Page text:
Americans don't like to discuss the fact that Hitler saw America's campaign of racial war against the native Americans as a very specific model for the racial war he planned to unleash in his conquest of Russia.   Our report contains very specific quotes and documentary information on this.   Click here to read.




It is very important to understand the  ferociously brutal nature of the Spanish regime that sent Columbus on his journey and then proceeded to conquer all of what we call, Latin America, Mexico and everything to the south except for Brazil, which was taken by Portugal.

The regime of Ferdinand and Isabella was a murderous anti-Semitic religious totalitarian state. They launched the most massive campaign of racial anti-Semitism prior to the Holocaust, leading to expulsion of 100,000 Jews from Spain under the most horrific circumstances. Ferdinand and Isabella also presided over the totalitarian nightmare of the Spanish Inquisition. So this is the system that was unleashed in the so-called "New World."

Now to get more into the specifics of what happened when Spanish first came to America, we'll look at Columbus's description of his own experience.

“As soon as I arrived in the Indies, on the first Island which I found, I took some of the natives by force in order that they might learn and might give me information of whatever there is in these parts," Columbus penned in his journal (Journal of the First Voyage (Diario del Primer Viaje)

"They ought to make good slaves for they are of quick intelligence, since I notice that they are quick to repeat what is said to them, and I believe that they could very easily become Christians, for it seemed to me that they had no religion of their own. God willing, when I come to leave I will bring six of them to Your Highnesses so that they may learn to speak…"

Columbus additionally raided nearby villages and used their residents for the gold mines, sexual slavery or the montería infernal. The montería infernal was a horrific practice of allowing war-dogs to chase and maul Native people. Traffickers from Europe actively searched the islands for young girls too, some no older than nine (8 Myths and Atrocities about Christopher Columbus (Indian Country Media Network)).

Dominican friar and historian Las Casas noted that Jamaica, Cuba, Hispaniola, Puerto Rico and 30 neighboring islands had been depopulated by 1542. The former slave owner could not believe the sheer barbarism he witnessed: slave labor, infanticide and forced relocation (Brief Account of the Devastation of the Indies (Gutenberg Press)).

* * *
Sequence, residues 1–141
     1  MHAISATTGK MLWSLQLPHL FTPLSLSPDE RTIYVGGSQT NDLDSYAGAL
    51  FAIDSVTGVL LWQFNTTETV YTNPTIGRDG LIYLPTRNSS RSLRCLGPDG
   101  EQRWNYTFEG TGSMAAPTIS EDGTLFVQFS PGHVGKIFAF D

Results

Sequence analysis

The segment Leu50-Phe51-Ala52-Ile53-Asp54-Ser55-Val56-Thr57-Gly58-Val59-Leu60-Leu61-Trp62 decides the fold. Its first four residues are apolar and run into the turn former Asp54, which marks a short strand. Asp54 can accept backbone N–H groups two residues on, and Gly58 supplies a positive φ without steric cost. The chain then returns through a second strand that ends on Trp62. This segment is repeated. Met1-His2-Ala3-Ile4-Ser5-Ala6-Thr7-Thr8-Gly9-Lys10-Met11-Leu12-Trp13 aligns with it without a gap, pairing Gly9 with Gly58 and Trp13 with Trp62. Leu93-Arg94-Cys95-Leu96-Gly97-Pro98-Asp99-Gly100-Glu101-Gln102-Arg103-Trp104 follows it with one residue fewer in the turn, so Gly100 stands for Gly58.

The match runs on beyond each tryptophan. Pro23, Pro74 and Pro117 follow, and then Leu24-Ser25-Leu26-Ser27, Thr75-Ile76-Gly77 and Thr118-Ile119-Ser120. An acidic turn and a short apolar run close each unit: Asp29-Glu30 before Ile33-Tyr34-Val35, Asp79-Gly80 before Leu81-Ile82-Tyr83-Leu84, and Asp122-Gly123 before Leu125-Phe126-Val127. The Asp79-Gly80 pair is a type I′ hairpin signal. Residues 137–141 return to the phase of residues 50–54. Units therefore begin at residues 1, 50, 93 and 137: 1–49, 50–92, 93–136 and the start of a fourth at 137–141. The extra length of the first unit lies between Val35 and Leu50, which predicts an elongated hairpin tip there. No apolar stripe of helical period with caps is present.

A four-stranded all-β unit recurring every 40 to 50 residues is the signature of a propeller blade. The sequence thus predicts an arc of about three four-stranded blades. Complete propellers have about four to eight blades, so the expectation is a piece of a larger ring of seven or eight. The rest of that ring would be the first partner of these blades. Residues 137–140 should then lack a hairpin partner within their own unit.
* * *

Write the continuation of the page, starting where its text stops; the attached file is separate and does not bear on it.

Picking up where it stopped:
Las Casas grimly mentioned "my eyes have seen these acts so foreign to human nature that now I tremble as I write. As for the vast mainland [Mexico]… We can estimate very surely and truthfully that in the forty years that have passed, with the infernal actions of the Christians, there have been unjustly slain more than 12 million men, women, and children. In truth, I believe without trying to deceive myself that the number of the slain is more like 15 million.…"




(Spaniards used huge dogs to maul to death native American gay people)

When the European Christians came to the New World, they were appalled by the sexual practices of the indigenous people, seeing the natives as sexual heathens, deviants in their tolerance of different sexual practices. Homophobic and misogynistic violence happened often as colonization expanded throughout the Americas. Punishment for same-sex relations could entail anything from flogging, fines, spiritual penance to execution (Colonial Mexico (GLBTQ Archives)) . This followed in the spirit of the Spanish Inquisition. From 1656 to 1663 in San Lazaro, hundreds of gay Mexicans were put to death (Colonial Mexico (GLBTQ Archives)). Balboa also participated in montería infernal against non-heterosexual Native Americans (A Timeline of Gay World History).

Many of the European explorers were also disturbed by the power that women held in some of these societies. As Barbara Alice Mann said in Unlearning the Language of Conquest, 'Worse, from the European perspective, was the level of political clout wielded by woodlands women" (Continuing "The Genocide of Matriarchal Societies (Native Roots)). The European explorers were also not too pleased about the different hierarchy (or genders) they encountered.


Biblical verses and passages, royal decree and papal approval all made American conquest possible. The Treaty of Tordesillas also divided up newly discovered land between Portugal and Spain. Both countries ratified in 1494. Any territory 370 miles west to Cape Verde belonged to Spain.